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  • 1. Backhans, Mona Christina
    et al.
    Burström, Bo
    Lindholm, Lars
    Umeå University, Faculty of Medicine, Department of Public Health and Clinical Medicine, Epidemiology and Public Health Sciences.
    Månsdotter, Anna
    Pioneers and laggards: Is the effect of gender equality on health dependent on context?2009In: Social Science and Medicine, ISSN 0277-9536, E-ISSN 1873-5347, Vol. 68, p. 1388-1395Article in journal (Refereed)
    Abstract [en]

    This study combines data at individual and area level to examine interactions between equality within couples and gender equality in the municipality in which individuals live. The research question is whether the context impacts on the association between gender equality and health. The material consists of data on 37,423 men and 37,616 women in 279 Swedish municipalities, who had their first child in 1978. The couples were classified according to indicators of their level of gender equality in 1980 in the public sphere (occupation and income) and private sphere (child care leave and parental leave) compared to that of their municipality. The health outcome is compensated days from sickness insurance during 1986-1999 with a cut-off at the 85% percentile. Data were analysed using logistic regression with the overall odds as reference. The results concerning gender equality in the private sphere show that among fathers, those who are equal in an equal municipality have lower levels of sick leave than the average while laggards (less equal than their municipality) and modest laggards have higher levels. In the public sphere, pioneers (more equal t han their municipality) fare better than the average while laggards fare worse. For mothers, those who are traditional in their roles in the public sphere are protected from high levels of sick leave, while the reverse is true for those who are equal. Traditional mothers in a traditional municipality have the lowest level of sick leave and pioneers the highest. These results show that there are distinct benefits as well as disadvantages to being a gender pioneer and/or a laggard in comparison to your municipality. The associations are markedly different for men and women.

  • 2. Modin Asper, Michaela
    et al.
    Hallén, Nino
    Lindberg, Lene
    Månsdotter, Anna
    Umeå University, Faculty of Medicine, Department of Public Health and Clinical Medicine, Epidemiology and Global Health. Department of Public Health Sciences, Karolinska Institutet, Stockholm, Sweden.
    Carlberg, Magdalena
    Wells, Michael B.
    Screening fathers for postpartum depression can be cost-effective: an example from Sweden2018In: Journal of Affective Disorders, ISSN 0165-0327, E-ISSN 1573-2517, Vol. 241, p. 154-163Article in journal (Refereed)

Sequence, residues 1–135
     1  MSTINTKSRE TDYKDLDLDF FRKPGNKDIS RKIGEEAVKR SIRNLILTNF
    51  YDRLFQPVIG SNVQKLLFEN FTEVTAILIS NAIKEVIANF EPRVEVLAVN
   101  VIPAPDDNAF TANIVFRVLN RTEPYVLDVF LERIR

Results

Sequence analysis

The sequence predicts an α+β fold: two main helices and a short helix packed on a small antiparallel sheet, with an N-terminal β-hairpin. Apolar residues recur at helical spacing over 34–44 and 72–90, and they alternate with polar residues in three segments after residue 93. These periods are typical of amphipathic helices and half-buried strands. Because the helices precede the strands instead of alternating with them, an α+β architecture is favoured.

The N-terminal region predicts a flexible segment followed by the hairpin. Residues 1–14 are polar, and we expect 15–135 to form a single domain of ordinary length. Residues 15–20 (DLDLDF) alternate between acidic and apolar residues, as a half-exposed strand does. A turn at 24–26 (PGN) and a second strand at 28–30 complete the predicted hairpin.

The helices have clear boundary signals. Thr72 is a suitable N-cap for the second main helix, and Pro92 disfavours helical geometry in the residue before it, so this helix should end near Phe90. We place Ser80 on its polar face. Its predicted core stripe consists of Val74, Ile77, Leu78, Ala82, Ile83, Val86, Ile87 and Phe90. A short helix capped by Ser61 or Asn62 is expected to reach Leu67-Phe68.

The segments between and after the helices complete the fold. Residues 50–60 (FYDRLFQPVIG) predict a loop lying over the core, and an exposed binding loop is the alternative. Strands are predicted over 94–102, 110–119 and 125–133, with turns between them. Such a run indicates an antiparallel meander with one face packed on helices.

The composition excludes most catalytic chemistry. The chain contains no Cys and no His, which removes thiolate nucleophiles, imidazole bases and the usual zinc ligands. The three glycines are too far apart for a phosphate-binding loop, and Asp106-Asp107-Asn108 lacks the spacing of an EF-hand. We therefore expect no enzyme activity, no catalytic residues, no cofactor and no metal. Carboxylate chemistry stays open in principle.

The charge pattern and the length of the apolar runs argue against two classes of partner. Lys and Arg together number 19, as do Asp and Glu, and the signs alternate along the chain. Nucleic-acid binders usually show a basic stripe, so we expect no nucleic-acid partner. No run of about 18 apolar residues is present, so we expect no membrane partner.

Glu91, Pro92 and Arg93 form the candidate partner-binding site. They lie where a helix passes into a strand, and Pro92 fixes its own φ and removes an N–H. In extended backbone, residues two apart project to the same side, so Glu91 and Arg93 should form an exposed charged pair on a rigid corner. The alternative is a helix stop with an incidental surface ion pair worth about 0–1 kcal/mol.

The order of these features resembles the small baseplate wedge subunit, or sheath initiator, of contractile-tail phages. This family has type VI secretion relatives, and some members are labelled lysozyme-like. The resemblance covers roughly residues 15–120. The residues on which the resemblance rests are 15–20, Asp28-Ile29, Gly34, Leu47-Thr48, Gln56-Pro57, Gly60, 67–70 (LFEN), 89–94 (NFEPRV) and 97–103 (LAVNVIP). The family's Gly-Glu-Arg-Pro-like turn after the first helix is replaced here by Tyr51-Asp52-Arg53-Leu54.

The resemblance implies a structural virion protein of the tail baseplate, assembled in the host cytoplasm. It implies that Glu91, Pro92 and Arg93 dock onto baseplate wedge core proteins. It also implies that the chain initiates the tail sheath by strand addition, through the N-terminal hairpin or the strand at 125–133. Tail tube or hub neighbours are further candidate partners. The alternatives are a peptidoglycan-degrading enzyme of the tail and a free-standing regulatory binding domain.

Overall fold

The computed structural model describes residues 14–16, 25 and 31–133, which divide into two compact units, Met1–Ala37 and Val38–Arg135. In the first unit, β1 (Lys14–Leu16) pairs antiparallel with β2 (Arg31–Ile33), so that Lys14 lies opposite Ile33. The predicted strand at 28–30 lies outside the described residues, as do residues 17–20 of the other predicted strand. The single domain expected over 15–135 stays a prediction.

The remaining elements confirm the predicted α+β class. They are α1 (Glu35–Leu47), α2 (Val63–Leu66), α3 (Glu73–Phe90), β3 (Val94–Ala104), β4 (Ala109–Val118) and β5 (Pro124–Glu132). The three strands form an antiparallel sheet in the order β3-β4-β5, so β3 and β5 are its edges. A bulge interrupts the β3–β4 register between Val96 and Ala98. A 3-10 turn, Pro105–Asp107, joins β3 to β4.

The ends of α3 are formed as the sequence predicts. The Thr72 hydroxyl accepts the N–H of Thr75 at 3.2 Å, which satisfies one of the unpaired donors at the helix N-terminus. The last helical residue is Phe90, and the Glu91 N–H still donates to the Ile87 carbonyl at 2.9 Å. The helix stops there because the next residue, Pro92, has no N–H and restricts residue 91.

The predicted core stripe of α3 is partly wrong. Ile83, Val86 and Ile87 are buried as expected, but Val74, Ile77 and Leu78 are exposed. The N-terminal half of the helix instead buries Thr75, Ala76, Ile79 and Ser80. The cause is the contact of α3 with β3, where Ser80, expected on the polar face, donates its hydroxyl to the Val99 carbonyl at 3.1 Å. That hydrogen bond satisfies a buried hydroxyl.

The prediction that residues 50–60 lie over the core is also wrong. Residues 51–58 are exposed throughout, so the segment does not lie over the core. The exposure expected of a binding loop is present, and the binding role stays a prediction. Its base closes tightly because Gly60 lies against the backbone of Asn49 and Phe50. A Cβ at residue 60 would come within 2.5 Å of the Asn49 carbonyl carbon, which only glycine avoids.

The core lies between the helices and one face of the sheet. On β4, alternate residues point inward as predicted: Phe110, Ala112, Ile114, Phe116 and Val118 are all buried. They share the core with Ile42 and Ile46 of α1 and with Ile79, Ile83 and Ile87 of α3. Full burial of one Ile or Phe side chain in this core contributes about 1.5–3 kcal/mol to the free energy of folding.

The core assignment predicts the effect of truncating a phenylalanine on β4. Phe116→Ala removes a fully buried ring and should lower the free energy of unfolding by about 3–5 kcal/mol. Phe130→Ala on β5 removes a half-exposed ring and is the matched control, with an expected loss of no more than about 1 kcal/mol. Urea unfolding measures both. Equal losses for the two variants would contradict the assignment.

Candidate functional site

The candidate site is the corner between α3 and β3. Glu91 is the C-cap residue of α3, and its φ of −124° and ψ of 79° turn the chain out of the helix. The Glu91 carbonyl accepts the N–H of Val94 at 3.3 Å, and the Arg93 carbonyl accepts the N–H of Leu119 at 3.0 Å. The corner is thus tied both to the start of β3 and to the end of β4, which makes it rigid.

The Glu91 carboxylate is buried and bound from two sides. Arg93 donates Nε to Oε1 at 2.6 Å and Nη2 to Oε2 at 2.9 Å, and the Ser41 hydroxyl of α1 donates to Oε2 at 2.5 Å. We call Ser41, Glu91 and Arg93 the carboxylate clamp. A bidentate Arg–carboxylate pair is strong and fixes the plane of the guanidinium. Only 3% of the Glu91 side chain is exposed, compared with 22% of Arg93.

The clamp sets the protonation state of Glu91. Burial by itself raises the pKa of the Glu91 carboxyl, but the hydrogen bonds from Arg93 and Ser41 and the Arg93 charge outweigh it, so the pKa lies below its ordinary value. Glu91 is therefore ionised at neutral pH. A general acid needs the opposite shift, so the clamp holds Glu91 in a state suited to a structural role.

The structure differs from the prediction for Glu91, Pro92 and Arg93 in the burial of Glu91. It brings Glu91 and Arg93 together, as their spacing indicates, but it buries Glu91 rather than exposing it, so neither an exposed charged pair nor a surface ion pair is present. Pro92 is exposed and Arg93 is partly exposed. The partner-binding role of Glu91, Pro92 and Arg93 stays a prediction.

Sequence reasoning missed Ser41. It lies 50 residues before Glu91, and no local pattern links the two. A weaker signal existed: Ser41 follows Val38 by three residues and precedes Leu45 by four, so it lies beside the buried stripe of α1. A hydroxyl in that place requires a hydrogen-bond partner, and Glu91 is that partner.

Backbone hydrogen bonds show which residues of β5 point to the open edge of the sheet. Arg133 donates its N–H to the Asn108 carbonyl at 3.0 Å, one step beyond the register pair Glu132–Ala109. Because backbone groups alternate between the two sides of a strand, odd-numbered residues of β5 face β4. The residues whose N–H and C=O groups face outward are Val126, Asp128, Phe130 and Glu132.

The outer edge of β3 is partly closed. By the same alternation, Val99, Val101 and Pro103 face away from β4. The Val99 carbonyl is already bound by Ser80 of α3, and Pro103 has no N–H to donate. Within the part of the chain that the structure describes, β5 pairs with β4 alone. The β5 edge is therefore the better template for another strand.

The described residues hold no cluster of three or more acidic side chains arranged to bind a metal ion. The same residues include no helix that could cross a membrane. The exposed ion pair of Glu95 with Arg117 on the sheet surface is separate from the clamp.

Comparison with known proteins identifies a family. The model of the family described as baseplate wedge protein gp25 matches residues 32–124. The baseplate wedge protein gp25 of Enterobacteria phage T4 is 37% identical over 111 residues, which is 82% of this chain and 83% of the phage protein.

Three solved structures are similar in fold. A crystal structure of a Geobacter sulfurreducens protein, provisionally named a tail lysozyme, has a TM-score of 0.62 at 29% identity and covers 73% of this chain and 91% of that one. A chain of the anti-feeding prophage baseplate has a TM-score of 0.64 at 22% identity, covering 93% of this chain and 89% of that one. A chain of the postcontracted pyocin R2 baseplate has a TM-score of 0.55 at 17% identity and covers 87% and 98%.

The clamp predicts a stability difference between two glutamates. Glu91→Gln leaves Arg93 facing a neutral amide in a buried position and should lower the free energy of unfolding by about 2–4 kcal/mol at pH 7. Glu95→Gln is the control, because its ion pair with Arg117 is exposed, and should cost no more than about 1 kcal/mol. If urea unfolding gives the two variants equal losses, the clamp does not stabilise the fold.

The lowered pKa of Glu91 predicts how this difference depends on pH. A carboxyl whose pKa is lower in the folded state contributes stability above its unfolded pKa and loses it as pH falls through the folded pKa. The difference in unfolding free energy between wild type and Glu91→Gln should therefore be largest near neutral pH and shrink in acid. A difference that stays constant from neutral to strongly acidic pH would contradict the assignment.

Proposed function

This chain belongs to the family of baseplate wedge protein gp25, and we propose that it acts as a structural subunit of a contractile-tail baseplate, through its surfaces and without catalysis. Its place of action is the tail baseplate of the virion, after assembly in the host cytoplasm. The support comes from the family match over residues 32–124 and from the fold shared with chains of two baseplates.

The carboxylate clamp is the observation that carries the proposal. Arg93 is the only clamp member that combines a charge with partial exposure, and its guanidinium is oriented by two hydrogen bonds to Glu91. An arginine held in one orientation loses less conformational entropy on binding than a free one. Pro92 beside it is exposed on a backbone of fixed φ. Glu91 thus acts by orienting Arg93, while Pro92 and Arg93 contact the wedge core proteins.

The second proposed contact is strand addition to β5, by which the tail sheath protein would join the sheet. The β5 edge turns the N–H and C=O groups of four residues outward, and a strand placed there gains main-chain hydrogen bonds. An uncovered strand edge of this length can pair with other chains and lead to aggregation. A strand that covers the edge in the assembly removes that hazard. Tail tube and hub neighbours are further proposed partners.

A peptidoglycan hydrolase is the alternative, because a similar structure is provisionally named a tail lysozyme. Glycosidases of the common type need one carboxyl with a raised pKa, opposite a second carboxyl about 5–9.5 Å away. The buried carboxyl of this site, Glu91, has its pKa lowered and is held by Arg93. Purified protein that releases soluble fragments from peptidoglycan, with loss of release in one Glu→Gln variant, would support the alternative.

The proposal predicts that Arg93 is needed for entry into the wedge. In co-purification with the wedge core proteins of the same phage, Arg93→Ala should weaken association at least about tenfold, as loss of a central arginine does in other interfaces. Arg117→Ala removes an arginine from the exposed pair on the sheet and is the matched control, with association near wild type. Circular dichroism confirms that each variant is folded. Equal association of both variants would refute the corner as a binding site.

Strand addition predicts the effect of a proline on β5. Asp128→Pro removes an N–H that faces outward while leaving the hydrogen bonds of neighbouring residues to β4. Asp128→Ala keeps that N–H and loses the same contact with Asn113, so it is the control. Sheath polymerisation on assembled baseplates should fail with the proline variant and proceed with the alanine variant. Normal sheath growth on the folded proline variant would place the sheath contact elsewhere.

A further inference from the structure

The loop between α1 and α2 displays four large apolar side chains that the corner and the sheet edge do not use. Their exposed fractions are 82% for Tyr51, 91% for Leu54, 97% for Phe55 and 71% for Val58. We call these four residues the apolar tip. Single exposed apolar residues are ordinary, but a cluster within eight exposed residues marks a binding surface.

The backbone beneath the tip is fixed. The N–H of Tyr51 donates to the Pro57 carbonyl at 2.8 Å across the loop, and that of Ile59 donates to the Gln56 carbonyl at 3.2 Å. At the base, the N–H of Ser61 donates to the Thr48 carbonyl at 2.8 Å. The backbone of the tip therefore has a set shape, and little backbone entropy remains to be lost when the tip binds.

Abstract [en]

    Background: Postpartum depression negatively affects the whole family and its prevalence in Sweden ranges between 6-10% for fathers and 13-16% for mothers. However, only mothers in Sweden are currently routinely screened.

    Aim: The aim of this study was to determine if a postpartum depression screening for fathers in Stockholm County could be cost-effective.

    Methods: National Swedish databases were used to find registry data and a literature review was undertaken to identify the model data inputs associated with postpartum depression in Sweden. The generated evidence was used to build a Markov model in TreeAge. One-way and probabilistic sensitivity analyses were performed to account for parameter uncertainties. Alternative scenario analyses were further undertaken to test the assumptions in the base case analysis.

    Results: A postpartum screening for depression in fathers is cost-effective in base case and alternative scenarios. The results indicate that the screening program is associated with lower costs and higher health effects. The results were sensitive to variables of quality adjusted life years for the depressed fathers, probabilities of remission in treatment and no treatment groups and start age and productivity losses. The probabilistic sensitivity analysis resulted in a 70% probability of the postnatal depression screening intervention being cost-effective.

    Limitations: The current study only uses secondary data; therefore future research should assess the cost-effectiveness of screening fathers for depression.

    Conclusion: The postpartum screening intervention for fathers could be cost-effective compared to no screening. Future research should replicate the potential cost-effectiveness for screening fathers for postpartum depression.

  • 3. Månsdotter, Anna
    et al.
    Ekman, Björn
    Feldman, Inna
    Hagberg, Lars
    Hurtig, Anna-Karin
    Umeå University, Faculty of Medicine, Department of Public Health and Clinical Medicine, Epidemiology and Global Health.
    Lindholm, Lars
    Umeå University, Faculty of Medicine, Department of Public Health and Clinical Medicine, Epidemiology and Global Health.
    We Propose a Novel Measure for Social Welfare and Public Health: Capability-Adjusted Life-Years, CALYs2017In: Applied Health Economics and Health Policy, ISSN 1175-5652, E-ISSN 1179-1896, Vol. 15, no 4, p. 437-440Article in journal (Refereed)
  • 4. Månsdotter, Anna
    et al.
    Lindholm, Lars
    Umeå University, Faculty of Medicine, Department of Public Health and Clinical Medicine, Epidemiology and Public Health Sciences.
    Lundberg, Michael
    Health, wealth and fairness based on gender: the support for ethical principles.2006In: Social Science and Medicine, ISSN 0277-9536, E-ISSN 1873-5347, ISSN 0277-9536, Vol. 62, no 9, p. 2327-2335Article in journal (Refereed)
  • 5. Månsdotter, Anna
    et al.
    Lindholm, Lars
    Umeå University, Faculty of Medicine, Department of Public Health and Clinical Medicine, Epidemiology and Public Health Sciences.
    Lundberg, Michael
    Winkvist, Anna
    Öhman, Ann
    Umeå University, Faculty of Medicine, Department of Public Health and Clinical Medicine, Epidemiology and Public Health Sciences.
    Parental share in public and domestic spheres: a population study on gender equality, death, and sickness.2006In: Journal of Epidemiology and Community Health, ISSN 0143-005X, E-ISSN 1470-2738, Vol. 60, no 7, p. 616-620Article in journal (Refereed)
  • 6.
    Månsdotter, Anna
    et al.
    Umeå University, Faculty of Medicine, Department of Public Health and Clinical Medicine, Epidemiology and Public Health Sciences.
    Lindholm, Lars
    Umeå University, Faculty of Medicine, Department of Public Health and Clinical Medicine, Epidemiology and Public Health Sciences.
    Winkvist, Anna
    Paternity leave in Sweden: costs, savings and health gains.2007In: Health Policy, ISSN 0168-8510, E-ISSN 1872-6054, Vol. 82, no 1, p. 102-115Article in journal (Refereed)
  • 7.
    Månsdotter, Anna
    et al.
    Umeå University, Faculty of Medicine, Department of Public Health and Clinical Medicine.
    Lindholm, Lars